Rakesh Bhandari wrote:
> An increasing immiseration thesis must
> >assume that real wages for most of the historical period under
> >consideration must be considerably above the ‘minimum subsistence’,
> >otherwise how could one talk about a secular tendency for the real wages
> >to decline? The ‘Iron Law of Wages’, on the other hand, maintains that
> >real wages cannot be higher than the ‘minimum subsistence’ for any
> >considerable period of time. Thus the two theses mutually exclude each
> >other, and their identification on Lapides’s part is evidence to his
> >poor understanding of this issue.
> Let us leave aside for now Marx's indebtedness to Ricardo's concept of the
> relative wage in the development of his theory of the increasing social
> misery of the working class. Note for now that Lapides does indicate
> implicitly how the physical misery of the working class could increase
> without a fall or even an increase in the real wage (i.e., an increasing
> misery thesis is no more logically dependent upon falling real wages than,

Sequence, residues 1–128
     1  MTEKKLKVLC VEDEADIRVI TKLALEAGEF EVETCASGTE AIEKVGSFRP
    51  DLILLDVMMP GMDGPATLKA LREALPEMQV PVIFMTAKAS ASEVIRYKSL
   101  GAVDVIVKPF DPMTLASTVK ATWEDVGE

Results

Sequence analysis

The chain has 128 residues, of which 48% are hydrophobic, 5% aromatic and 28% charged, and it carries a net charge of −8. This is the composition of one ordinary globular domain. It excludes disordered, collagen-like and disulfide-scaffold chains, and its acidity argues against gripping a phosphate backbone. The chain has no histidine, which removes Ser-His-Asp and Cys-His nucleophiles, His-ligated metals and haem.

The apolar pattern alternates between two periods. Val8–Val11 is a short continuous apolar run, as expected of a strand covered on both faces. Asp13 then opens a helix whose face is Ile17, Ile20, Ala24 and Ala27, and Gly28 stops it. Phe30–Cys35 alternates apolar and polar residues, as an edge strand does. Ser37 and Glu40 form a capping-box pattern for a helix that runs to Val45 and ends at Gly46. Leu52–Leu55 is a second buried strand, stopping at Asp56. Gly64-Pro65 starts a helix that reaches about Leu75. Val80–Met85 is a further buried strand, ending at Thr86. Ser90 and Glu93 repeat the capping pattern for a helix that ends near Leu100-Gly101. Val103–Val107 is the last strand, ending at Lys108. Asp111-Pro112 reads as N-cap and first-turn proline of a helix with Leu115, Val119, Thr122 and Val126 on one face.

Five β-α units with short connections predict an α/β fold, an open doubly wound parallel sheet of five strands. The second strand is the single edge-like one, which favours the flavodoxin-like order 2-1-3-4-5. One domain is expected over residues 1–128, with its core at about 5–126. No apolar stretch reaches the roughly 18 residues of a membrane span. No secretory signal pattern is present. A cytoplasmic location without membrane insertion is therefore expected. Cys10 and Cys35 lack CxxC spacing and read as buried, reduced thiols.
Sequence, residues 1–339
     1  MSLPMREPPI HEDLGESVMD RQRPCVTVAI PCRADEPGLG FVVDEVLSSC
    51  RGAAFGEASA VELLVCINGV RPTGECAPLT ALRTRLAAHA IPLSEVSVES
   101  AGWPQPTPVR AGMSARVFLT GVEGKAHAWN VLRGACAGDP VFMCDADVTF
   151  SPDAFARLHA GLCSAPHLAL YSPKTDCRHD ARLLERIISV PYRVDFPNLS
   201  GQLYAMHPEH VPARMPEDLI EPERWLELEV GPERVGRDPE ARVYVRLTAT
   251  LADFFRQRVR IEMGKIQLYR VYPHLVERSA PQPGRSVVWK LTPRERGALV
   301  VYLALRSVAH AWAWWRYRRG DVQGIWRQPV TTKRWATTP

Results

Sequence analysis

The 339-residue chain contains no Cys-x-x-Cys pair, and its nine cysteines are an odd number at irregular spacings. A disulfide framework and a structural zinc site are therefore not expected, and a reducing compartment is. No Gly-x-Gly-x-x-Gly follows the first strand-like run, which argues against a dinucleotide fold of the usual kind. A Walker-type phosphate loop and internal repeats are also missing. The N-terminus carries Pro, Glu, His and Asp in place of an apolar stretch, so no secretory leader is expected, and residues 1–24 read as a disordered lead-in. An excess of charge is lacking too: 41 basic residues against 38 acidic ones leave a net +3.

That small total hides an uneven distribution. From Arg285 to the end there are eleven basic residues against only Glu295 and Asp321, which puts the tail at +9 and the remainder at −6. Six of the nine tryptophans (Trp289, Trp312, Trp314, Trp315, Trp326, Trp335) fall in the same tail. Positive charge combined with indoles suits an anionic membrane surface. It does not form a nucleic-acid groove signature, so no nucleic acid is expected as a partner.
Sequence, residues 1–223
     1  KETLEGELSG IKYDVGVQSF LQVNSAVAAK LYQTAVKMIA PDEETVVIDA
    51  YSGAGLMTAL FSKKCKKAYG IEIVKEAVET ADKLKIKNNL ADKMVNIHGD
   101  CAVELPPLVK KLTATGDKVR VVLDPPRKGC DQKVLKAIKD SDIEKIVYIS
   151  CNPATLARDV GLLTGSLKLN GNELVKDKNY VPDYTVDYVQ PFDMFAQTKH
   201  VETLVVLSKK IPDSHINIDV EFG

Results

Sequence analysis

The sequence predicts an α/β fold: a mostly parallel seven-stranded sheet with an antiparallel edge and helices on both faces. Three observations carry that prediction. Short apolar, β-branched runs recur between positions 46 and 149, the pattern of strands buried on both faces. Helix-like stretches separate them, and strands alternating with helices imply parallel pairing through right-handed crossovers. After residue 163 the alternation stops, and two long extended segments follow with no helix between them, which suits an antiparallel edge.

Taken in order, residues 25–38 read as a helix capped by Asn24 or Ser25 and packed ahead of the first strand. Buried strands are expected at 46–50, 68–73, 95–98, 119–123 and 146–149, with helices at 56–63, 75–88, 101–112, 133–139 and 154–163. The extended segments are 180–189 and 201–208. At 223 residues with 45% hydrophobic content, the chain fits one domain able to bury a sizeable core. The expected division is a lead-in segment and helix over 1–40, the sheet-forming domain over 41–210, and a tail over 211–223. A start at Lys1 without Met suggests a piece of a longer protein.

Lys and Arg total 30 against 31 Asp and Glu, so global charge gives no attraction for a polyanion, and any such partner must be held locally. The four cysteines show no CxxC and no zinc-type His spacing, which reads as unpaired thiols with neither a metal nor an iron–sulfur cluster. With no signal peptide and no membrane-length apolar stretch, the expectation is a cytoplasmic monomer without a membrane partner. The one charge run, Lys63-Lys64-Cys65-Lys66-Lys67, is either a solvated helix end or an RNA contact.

> say, natural selection is on a competitive exclusion principle). Note e.g.
> p. 193:
> "Examining the results of an intensification of the labor process, Marx
> finds that when greater than normal demands are placed on the worker to
> achieve a greater output, the vlaue of his or her labor pwoer has risen. A
> greater sum of necessaries will be required to maintain this heightened
> level of work. If however this enhanced value of labor power does not
> receive higher wages, or even if higher wages are paid but not by a
> commensurate amount, the price of labor power will fall below its value.
> "This occurs whenever the rise in the price of labor power does not
> compensate for its increased wear and tear." (CW35, 525).
Rakesh, this quotation does not much help Lapides. Such statements by Marx are
problematic because it one way or the other suggests that the wages are at the
physical minimum that's why you cannot get more mileage unless you put more
gas. Moreover, one also needs to keep in mind that Marx thinks that there is a
trend for the length of the working day to decline. Some of the increased
intensification of labor may go to compensate the fall in the working hours.
Increased misery, in my opinion, mainly refers to fall in the standard of
living as a whole. Cheers, ajit sinha
> Lapides (p. 197) goes on to quote Marx about how in the case of overtime
> the additional hours are paid better but "often in a proportion
> ridiculously small." (CW35, 546)
> Yours, Rakesh
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